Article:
Greentree Naturals Logo
Home
About Greentree Naturals
 
 
 
What's Happening on the Farm?
 
 
 
 
 
Donations & Purchases
Small Farm Marketing
Grower's Collective
Apprenticeship, Internship and Mentoring Programs
Products
 
 
The Pumpkin Project
Resources
Flowered entryway

 

Follow us on Facebook

 

Greentree Naturals, Inc. - Certified Organic Produce Organic flowers Organic flowers Organic multi-colored corn Organic vegetables Organic carrots

Greentree Naturals Newsletter Winter 2019

farm stand with corn stalksWriting this annual "newsletter" provides a good time for reflecting back on past months. We consider ourselves most fortunate to have had this opportunity in life to follow our dreams side by side. Our farms success comes from both of us giving our best each and every day, and loving what we are doing. There are always more things to do than there are daylight hours, yet we persevere and manage to do what needs to be done to keep the farm a thriving enterprise. We are a good team and I am forever grateful we found each other 31 years ago!farm stand sign

This spring, Thom and our good friend Dave built a pole shed that became our permanent structure for our Farm Stand. The neighborhood showed their support  and enthusiasm for being able to shop right here on the farm. We are only open one day a week during the peak of the harvest season. On Thursdays at 3pm, the cars start rolling in! We have walkie-talkies, so if I run out of anything, I can call Thom and he will harvest it fresh and bring it out to the Farm Stand. Customers love that! By the end of the summer, it was becoming a community event, neighbors meeting neighbors for the first time, which is exactly what we hoped would happen!

After so many years of selling at the farmers market, the Farm Stand has been a welcome change; so much so that I have officially "retired" from the farmers market after 28 years of selling there! I will not miss the weekly packing up the van, unloading, setting up at market, tearing down, loading up again, only to unload upon return to the farm. We still have to move produce around, but much less labor intensive to keep it right here on the farm! We will continue growing produce for our Farm Stand, CSA's, restaurants and the local natural foods store. I haven't had Saturdays free during the summertime in 28 years. Of course, I immediately have utilized Saturdays for on-farm workshops every other week.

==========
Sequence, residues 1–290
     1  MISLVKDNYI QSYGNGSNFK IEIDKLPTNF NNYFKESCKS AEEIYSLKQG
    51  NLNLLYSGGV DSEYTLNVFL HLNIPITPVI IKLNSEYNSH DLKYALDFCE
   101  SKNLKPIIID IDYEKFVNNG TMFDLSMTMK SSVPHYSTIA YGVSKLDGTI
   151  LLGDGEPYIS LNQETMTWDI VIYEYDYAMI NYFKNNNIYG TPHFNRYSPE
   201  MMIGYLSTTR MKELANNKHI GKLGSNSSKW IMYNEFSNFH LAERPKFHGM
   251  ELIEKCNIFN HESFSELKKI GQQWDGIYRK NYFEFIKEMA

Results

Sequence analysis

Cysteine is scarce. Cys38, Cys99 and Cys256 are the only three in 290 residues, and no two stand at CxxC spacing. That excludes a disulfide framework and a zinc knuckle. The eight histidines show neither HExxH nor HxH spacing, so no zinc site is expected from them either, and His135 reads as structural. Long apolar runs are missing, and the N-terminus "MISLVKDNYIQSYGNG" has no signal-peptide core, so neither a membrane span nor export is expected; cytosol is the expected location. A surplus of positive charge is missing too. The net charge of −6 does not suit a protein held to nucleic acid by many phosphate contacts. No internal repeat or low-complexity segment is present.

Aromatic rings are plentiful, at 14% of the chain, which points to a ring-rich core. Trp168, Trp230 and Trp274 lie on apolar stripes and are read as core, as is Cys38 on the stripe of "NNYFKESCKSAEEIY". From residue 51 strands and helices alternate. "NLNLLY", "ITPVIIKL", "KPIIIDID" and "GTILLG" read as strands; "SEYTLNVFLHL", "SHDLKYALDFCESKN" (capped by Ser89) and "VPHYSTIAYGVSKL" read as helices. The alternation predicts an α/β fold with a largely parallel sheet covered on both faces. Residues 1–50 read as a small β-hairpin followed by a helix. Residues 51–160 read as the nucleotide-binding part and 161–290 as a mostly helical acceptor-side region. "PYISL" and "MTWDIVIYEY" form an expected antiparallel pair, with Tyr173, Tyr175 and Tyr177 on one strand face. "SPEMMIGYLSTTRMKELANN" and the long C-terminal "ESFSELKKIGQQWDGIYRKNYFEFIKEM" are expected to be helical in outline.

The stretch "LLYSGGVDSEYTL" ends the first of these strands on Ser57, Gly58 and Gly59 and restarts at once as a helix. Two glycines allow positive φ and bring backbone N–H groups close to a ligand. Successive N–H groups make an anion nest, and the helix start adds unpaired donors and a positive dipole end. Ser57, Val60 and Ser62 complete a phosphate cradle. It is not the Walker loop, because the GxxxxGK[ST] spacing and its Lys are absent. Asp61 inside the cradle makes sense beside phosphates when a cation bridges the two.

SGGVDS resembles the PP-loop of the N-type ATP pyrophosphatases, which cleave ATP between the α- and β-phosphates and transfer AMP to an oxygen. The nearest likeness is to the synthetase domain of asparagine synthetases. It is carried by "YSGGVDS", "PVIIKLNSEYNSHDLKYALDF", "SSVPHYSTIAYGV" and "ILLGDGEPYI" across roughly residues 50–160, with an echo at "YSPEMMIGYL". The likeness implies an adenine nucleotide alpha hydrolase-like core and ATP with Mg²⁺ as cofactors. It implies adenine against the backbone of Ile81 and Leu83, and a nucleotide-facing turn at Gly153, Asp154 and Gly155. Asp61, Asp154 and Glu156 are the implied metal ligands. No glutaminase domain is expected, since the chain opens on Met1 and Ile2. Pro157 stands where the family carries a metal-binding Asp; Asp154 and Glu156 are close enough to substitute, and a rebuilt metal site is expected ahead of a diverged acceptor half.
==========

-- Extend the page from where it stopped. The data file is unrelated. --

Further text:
To keep with the entrepreneurial spirit of the farm, we entered into a contract agreement to grow an assortment of open pollinated seeds for a Snake River Seed Cooperative out of Boise. This year, we provided seed for an heirloom, cold hardy melon and two varieties of sweet peppers. Next year we will include beets, broccoli, cabbage, kale, and snow peas in addition to repeating the crops we provided for them this year. We've been seed savers for ourselves forever, but this is quite a bit different in that we have to have a minimum of 30 plants per variety for genetic diversity. We love everything about saving seeds, plus it's a new income opportunity for us! Growing a perennial crop for seed is a bit of a quandary as it really depends on what the winter weather is like. If we get a deep freeze without snow, we may lose the seed crop, and at this point and time, all we can do is wait and see what springtime brings for success overwintering those crops.

farm stand eat organic>Another new thing for us is we hosted 36 honey bee hives for a bee keeper in exchange for a case of fresh honey this summer. This brought some 600,000 honey bees to the farm, which improved pollination with all of our crops. The bee hives get relocated to California Almond orchards in winter and will return to us in the spring. This seems like a win/win agreement! We are a little concerned about the unknown effect of that many honey bees on our native bee populations, and are currently looking for a research partner with graduate or undergraduate students at UI or WSU to investigate further. A University of Idaho graduate student had a research project here on the farm this summer assessing soil fertility inputs and how they influence yields of carrots and beets. This will be repeated in 2019 and is funded through the Organic Farming Research Foundation. We love the enthusiasm that comes with university students! *You can read all about this project on our On-Farm Research page!

I finished a three year contract working with Rural Roots and University of Idaho and look forward to seeing my work become a university publication. I taught assorted sustainable agriculture workshops for UI on-line  and in-person, our summertime organic gardening series, and assorted workshops to local and regional garden clubs. We hosted several farm tours and had many visitors come through the gardens this summer.

We wish you a heart filled with love and gratitude, good health, a joyful journey, and all good things in the New Year!

Diane



 

All contents of this site are copyright © 2006- by Greentree Naturals  
2003 Rapid Lightning Road, Sandpoint, Idaho 83864 • 208-263-8957 • info@greentreenaturals.com    
Site Design by Logical Expressions, Inc.